Pakistan batsman and Central Punjab captain Ahmed Shehzad has been fined 50 per cent of his match fee after his domestic side were found guilty of ball-tampering during their Quaid-e-Azam Trophy fixture against Sindh in Faisalabad earlier this week.
A Pakistan Cricket Board (PCB) statement said that “Shehzad was found guilty of committing a Level 1 offence under Article 2.14, which relates to changing condition of the ball (non-identification) during a match”. The statement explained that Shehzad was not directly identified to have tampered with the ball.
During the 17th over of Sindh’s first innings on Tuesday, on-field umpires Mohammad Asif and Zameer Ahmed found during an inspection that the ball had been “unfairly changed by a member of the fielding side” and reported the matter to the match referee.
The PCB statement said that match referee Nadeem Arshad “determined that Ahmed Shehzad, as captain, had a case to answer for the contravention as the incident related to non-identification of the player and a Notice of Charge was issued to him under the PCB Code of Conduct”.
Shehzad pleaded not guilty to the charge but was found to be so during a hearing that took the place after the match was drawn on Thursday. The 27-year-old argued that the ball’s condition was altered naturally by the “rough playing square” rather than by him or a member of his side.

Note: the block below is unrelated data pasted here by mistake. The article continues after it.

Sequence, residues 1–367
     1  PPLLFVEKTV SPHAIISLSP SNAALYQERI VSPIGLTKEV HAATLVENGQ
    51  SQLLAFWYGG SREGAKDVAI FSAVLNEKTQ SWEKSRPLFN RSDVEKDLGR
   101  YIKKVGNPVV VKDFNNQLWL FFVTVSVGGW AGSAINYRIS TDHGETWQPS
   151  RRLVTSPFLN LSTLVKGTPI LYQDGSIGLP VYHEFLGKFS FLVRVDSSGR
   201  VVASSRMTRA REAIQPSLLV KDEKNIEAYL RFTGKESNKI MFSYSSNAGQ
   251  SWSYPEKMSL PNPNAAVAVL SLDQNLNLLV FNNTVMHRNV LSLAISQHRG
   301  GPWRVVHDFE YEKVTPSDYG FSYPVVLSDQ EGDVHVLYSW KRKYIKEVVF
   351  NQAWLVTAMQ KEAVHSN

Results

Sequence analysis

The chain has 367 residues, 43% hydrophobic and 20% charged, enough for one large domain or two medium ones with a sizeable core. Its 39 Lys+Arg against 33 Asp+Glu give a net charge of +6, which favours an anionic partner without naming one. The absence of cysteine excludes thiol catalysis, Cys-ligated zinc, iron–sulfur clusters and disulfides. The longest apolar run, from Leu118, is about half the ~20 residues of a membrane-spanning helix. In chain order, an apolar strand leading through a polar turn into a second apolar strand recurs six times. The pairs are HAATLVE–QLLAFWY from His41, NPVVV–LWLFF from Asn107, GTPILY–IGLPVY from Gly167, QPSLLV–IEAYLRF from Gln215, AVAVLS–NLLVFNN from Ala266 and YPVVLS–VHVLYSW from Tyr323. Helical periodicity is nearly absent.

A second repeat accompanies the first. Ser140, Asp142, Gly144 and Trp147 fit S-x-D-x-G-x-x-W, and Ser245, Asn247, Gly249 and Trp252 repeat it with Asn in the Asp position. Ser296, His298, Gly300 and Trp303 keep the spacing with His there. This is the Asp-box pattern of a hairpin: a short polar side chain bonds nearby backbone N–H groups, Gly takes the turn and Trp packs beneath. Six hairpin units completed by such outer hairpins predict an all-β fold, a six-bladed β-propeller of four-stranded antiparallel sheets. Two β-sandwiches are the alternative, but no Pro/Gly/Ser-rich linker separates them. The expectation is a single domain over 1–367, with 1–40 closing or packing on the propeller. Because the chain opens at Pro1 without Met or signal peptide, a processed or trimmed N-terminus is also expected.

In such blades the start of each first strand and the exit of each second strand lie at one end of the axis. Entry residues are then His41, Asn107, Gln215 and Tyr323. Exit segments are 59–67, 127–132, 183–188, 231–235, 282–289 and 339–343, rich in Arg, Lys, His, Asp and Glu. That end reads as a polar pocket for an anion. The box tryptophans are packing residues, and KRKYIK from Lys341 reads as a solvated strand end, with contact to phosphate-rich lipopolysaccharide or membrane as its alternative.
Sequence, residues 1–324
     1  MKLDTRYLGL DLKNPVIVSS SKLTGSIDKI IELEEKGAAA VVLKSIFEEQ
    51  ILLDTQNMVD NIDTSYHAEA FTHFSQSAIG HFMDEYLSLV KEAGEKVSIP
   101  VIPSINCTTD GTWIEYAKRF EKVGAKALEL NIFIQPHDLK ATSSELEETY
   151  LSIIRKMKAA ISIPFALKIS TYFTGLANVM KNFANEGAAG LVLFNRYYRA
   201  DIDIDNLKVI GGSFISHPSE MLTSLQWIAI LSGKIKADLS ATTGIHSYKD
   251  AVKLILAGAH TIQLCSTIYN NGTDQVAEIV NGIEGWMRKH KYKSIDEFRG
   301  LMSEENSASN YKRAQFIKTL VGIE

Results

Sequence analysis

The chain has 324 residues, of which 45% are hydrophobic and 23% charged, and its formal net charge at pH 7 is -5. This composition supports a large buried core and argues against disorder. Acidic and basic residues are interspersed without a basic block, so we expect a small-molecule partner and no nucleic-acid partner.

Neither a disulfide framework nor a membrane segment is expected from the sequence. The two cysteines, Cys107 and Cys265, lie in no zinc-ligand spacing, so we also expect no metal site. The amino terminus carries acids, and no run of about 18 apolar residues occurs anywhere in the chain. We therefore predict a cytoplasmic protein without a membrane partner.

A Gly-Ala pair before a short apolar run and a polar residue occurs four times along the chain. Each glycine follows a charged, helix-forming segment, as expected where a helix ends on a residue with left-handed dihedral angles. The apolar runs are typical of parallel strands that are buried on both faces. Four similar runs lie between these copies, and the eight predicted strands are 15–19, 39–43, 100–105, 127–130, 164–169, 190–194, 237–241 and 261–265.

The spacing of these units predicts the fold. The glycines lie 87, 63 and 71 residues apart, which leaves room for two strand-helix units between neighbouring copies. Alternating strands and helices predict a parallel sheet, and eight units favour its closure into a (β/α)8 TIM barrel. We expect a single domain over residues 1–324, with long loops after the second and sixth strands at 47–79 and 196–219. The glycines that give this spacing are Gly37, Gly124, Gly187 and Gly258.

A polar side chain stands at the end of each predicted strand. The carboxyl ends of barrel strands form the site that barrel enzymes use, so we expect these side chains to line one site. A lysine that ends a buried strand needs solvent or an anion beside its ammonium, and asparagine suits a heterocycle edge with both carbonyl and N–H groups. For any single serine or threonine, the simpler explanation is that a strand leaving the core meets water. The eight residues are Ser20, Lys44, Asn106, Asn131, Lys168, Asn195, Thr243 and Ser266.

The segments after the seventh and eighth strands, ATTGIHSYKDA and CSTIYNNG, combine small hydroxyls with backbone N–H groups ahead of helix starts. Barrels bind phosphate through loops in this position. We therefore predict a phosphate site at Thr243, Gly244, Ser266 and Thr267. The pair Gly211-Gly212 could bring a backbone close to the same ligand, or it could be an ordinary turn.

“We can agree to disagree in this incident as I maintain that the condition of the ball changed naturally due to the rough playing square and not artificially,” said Shehzad. “I tried to convince the match officials, but they insisted and I accept and respect their decision.
“I would never indulge in such an act nor allow any of my team-mates to disrespect the game. My priority is to play hard, competitive and result-oriented cricket, and at the same time inspire the younger generation, which watches us play the game.”
Shehzad isn’t the only player in the match to have landed in hot water. In an unrelated incident, Shehzad’s teammate Azhar Ali – who was named Pakistan Test skipper last month – and Sindh’s Sohail Khan were found guilty of committing PCB level one offences after the pair were involved in an argument.
The PCB statement added: “Azhar Ali was found guilty of engaging in a Level 1 offence described in Article 2.9, which deals with throwing a ball at or near a player, support personnel, umpire, match referee or any other third person in an inappropriate and/or dangerous manner during a match, while Sohail Khan was found guilty of committing an Article 2.10 – Level 1 offence, which pertains to time wasting by any player or team during a match.
“Both the players were charged by on-field umpires Mohammad Asif and Zameer Ahmed. As the players accepted the proposed sanctions by match referee Nadeem Arshad, there was no further need for formal hearings.”